It seems, though, that I might have found something to help calm the waters of a few of those things, and perhaps stir up some others. I’m excited to announce that I have accepted a position as a postdoctoral researcher at Evidence for Policy Design, a group within Harvard Kennedy School‘s Center for International Development. I will be working with Rohini Pande and Erica Field, spending some time in India, and working on several really cool research projects pertaining to women’s labor force participation, banking, the environment, and policy making in India. It’s an opportunity to continue my own research on gender, violence and discrimination in the developing world, to get some experience in the field, and to work with and around a large group of incredibly smart people doing awesome research on gender, development, and related fascinating topics.

I’m absolutely over the moon excited. I will be learning from the very best and there is likely no job that better fits my interests and skills.

I will be very sad to leave Lafayette College. The students here are wonderful. My colleagues here are phenomenal. They have become fantastic friends, mentors, coauthors, yoga buddies, running partners, cycling partners, and so much more in a very short time. I don’t imagine that those things will change; I know how to make sure I’m not forgotten. (mwahahaha).

I’m also grateful for the outpouring of congratulations and support I’ve already received from friends, family, and colleagues. I feel so fortunate to have all of you in my life. The best responses I’ve gotten so far have been from my dad and the woman who cleans the room I teach in at 8am. My dad said, “buy a plane ticket home and we’ll drink the ’82 Mouton!” (I didn’t, for the record). The woman who cleans my classroom said, “Congratulations! When are you moving to Connecticut?” A wonderful, subtle reminder that Cambridge is not the center of everyone’s universe, even if it’s about to become mine.

March job listing of the month

I probably get too much of a kick out of reading the JOE each month, but something’s gotta keep me going, right? This month’s job listing of the month comes from the American University of Nigeria. My first thought, before I read the actual ad was, “would I move to Abuja?” only to find out that the university is not in Abuja, but Yola, in Adamawa state. According to the ad: Adamawa state is “an area known as an island of peace in a sometimes troubled region.”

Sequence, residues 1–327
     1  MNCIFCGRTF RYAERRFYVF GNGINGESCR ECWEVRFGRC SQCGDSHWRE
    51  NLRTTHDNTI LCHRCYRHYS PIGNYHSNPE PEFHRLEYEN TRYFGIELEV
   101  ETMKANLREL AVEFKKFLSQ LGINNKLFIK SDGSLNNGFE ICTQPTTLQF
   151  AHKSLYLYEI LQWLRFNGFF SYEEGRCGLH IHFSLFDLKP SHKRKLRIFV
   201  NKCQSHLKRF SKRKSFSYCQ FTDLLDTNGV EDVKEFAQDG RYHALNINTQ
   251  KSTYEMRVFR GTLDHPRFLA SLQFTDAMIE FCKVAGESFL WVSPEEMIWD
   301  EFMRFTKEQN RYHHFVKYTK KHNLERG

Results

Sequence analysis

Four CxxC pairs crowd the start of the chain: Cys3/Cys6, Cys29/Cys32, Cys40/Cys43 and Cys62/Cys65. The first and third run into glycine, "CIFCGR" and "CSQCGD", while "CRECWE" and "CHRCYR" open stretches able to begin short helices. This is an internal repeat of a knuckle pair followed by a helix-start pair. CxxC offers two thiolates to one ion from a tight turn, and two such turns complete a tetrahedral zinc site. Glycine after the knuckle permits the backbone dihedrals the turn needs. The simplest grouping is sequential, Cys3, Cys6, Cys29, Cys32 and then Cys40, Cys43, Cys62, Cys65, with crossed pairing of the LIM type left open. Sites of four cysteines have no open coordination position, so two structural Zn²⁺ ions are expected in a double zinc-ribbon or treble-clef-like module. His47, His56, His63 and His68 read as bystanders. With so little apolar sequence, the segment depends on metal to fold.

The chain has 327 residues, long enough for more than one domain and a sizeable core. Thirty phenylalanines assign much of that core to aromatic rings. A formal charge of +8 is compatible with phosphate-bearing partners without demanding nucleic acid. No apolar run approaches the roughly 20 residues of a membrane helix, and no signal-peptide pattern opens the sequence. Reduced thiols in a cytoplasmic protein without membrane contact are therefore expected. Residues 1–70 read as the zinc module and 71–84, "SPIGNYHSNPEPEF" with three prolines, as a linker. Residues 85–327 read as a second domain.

That sounded promising. Unfortunately for AUN, the first google result this morning for Yola says otherwise. 😦 Sorry AUN.

Google Results for Yola Nigeria this morning.

February job listing of the month

I’ve never heard of King Fahd University of Petroleum & Minerals, and the odds are I wouldn’t make it in Saudi Arabia (that whole women not driving thing doesn’t really fly with me), but there are some serious perks to this job for the adventurous economist*:

…Free furnished air-conditioned on-campus housing unit with free essential utilities and maintenance. The appointment includes the following benefits according to the University’s policy: air ticket/s to Dammam on appointment; annual repatriation air ticket/s for up to four persons; assistance with local tuition fees for school-age dependent children; local transportation allowance; two months’ paid summer leave; end-of-service gratuity. The KFUPM campus has a range of facilities including a medical and dental clinic, an extensive library, computing, research and teaching laboratory facilities and a recreation center.

*no comment on whether adventurous economist is an oxymoron.

Standard of living and measuring welfare effects

A few posts caught my eye today by bloggers discussing different, but related topics. All of them suggest that the most measurable outcomes are not necessarily the metrics of policy success or failure we should focus on.

Francisco Toro, at his new blog the Campaign for Boring Development, comments on how microfinance may not raise the incomes of participants, but it does have the potential to increase standards of living.

Matt Yglesias, at Slate, slams the media for misinterpreting (willfully?) the CBO report that says the equivalent of more than 2 million full time (equivalent) jobs will disappear as a result of the ACA. The Plum Line says it’s not a “job-killer,” but people might choose to work fewer hours because now they can afford healthcare. Is that really so bad?

Parsing Cost-Benefit Analysis